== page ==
Once we have hope, we can foster our hopeful mindset through passion and purpose, a growth mindset, kindness, gratitude, presence, empathy, wonder, awe, sacredness, respect, collaboration, self-efficacy, creativity, believe, and more. The Hopeful Minds curriculums, which introduce students to the “what,” “why,” and “how” of hope, were designed to introduce students to these important skills, and help them strengthen their own hopeful mindsets.
What kinds of societal returns can we seen for teaching Hope? The impact is quite broad, and hope has many posive outcomes you may not expect beyond mental health. Let’s look at a review of the studies:
- In a study on depression and anxiety and hope in youth, Students who expressed higher hope at the beginning of the study had lower measures of depression and anxiety one and two months later. The reverse was not true, however — symptoms of anxiety and depression had no effect on future levels of hope (Journal of Personality, 2007) This is important, as depression and anxiety do not predict your future levels of Hope, but your levels of Hope do predict your levels of anxiety and depression. Why is this important? Because by strengthening your hope muscle, you can equip yourself to prevent depression and anxiety in the future.
- Using trait and state hope scales, studies explored hope in college student athletes. In Study 1, male and female athletes were higher in trait hope than nonathletes; moreover, hope significantly predicted semester grade averages beyond cumulative grade point average and overall self-worth. In Study 2, with female cross-country athletes, trait hope predicted athletic outcomes; further, weekly state hope tended to predict athletic outcomes beyond dispositional hope, training, and self-esteem, confidence, and mood. In Study 3, with female track athletes, dispositional hope significantly predicted athletic outcomes beyond variance related to athletic abilities and affectivity; moreover, athletes had higher hope than nonathletes (Journal of Personality and Social Psychology, 1997)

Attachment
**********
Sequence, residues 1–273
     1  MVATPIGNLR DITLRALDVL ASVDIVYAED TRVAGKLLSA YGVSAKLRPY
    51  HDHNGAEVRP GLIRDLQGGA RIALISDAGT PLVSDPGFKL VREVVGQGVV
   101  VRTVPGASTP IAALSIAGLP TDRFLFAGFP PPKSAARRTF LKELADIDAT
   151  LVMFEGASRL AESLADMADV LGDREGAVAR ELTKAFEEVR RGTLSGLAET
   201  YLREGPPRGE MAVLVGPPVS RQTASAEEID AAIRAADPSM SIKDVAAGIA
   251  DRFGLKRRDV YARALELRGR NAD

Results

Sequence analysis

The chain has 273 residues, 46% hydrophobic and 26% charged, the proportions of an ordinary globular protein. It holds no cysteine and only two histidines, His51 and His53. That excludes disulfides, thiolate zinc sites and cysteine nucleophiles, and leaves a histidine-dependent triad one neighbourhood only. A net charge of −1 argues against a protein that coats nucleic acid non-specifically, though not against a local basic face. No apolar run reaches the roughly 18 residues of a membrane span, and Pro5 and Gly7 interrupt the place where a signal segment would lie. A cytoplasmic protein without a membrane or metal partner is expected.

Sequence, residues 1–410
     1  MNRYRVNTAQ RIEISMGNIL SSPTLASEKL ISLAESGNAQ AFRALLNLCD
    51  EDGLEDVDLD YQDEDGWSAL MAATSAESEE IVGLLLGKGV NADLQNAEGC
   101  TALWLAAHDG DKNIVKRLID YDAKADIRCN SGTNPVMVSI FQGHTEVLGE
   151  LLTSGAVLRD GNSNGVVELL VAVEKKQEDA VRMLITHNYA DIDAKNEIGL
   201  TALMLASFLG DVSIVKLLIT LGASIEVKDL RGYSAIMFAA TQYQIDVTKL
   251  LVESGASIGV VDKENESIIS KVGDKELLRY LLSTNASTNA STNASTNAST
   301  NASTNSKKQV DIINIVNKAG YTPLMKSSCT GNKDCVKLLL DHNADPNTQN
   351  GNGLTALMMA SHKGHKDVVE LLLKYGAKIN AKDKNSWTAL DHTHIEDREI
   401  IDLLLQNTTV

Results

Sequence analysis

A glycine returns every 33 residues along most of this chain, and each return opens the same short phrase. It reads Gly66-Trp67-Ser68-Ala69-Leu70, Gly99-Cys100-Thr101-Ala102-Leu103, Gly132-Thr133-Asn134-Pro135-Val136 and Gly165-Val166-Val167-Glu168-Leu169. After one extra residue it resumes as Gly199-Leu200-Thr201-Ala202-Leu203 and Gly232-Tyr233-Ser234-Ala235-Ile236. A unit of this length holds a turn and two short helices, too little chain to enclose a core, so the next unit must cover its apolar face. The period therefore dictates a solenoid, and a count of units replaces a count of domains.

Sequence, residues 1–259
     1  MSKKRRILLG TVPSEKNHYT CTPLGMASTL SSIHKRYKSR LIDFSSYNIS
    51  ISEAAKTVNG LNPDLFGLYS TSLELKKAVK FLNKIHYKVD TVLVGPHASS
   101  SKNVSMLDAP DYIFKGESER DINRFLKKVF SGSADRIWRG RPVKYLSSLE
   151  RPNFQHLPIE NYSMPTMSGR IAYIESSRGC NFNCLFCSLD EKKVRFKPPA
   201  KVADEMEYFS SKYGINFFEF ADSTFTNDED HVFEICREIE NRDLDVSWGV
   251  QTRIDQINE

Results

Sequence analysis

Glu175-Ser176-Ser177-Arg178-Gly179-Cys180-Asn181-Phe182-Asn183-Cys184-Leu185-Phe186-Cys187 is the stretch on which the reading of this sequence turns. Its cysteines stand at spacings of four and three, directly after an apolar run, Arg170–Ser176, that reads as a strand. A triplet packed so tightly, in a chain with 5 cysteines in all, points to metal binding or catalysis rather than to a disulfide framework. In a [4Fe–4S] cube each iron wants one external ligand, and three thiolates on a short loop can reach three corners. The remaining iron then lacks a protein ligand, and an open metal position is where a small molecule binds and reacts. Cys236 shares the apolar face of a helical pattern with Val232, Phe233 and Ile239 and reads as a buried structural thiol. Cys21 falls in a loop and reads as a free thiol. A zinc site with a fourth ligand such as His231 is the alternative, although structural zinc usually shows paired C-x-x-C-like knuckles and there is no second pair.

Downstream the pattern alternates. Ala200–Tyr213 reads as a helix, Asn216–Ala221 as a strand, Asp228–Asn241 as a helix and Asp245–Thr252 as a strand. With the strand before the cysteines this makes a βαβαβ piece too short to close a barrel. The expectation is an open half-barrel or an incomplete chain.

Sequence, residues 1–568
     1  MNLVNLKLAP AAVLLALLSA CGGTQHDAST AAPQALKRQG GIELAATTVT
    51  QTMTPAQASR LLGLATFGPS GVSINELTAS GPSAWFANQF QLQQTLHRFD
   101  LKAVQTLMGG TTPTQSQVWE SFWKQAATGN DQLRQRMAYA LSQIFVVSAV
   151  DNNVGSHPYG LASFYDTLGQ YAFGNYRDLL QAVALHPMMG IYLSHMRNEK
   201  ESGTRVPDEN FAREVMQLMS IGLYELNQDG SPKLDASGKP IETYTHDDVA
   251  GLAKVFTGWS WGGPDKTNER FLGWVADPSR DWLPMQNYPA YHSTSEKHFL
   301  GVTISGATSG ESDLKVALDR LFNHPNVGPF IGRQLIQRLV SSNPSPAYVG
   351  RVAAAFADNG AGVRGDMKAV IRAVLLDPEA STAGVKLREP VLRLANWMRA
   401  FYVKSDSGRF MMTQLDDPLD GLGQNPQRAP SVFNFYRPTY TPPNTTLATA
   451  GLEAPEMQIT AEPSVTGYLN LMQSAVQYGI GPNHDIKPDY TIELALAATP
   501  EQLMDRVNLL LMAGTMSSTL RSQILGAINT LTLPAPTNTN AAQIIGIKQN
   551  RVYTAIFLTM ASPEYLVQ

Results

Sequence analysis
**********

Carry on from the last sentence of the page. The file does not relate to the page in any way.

- Hope and hopelessness are two distinct but correlated constructs. Hope can act as a resilience factor that buffers the impact of hopelessness on suicidal ideation. Inducing hope in people may be a promising avenue for suicide prevention (PLOS, 2015)
- Hope uniquely predicts objective academic achievement above intelligence, personality, and previous academic achievement (Journal of Research in Personality, 2010)
- Hope, but not optimism, predicts academic performance of law students beyond previous academic achievement (Journal of Research in Personality, 2011)
- Hopeful people have a greater sense that life is meaningful (International Journal of Existential Psychology & Psychotherapy, 2010)
- Hope is a strong predictor of positive emotions, and hope and optimism are distinct from one another (Journal of Positive Psychology, 2009)
- The Role of Hope in Buffering the Impact of Hopelessness on Suicidal Ideation (PLoS One, 2015)
- Hope accounts for 14 percent of productivity in the workplace — more than intelligence, optimism or self-efficacy (Journal of Positive Psychology, 2013)
- The Business Case for Hope (Forbes, 2019)
- Effective leaders understand their followers’ needs: trust,compassion, stability, and hope (Strengths Based Leadership, 2009)
- Self-Efficacy, Optimism, Resilience and Hope in the Workplace are key to productivity, a review of all (Jacobsen, 2013)
- Investing in treatment for depression and anxiety leads to fourfold return (World Bank, 2016)
- School-based substance abuse prevention is generally very cost effective, for example, “Life Skills Training” returned $21 dollars for every dollar spent on the intervention (NASMHPD, 2012)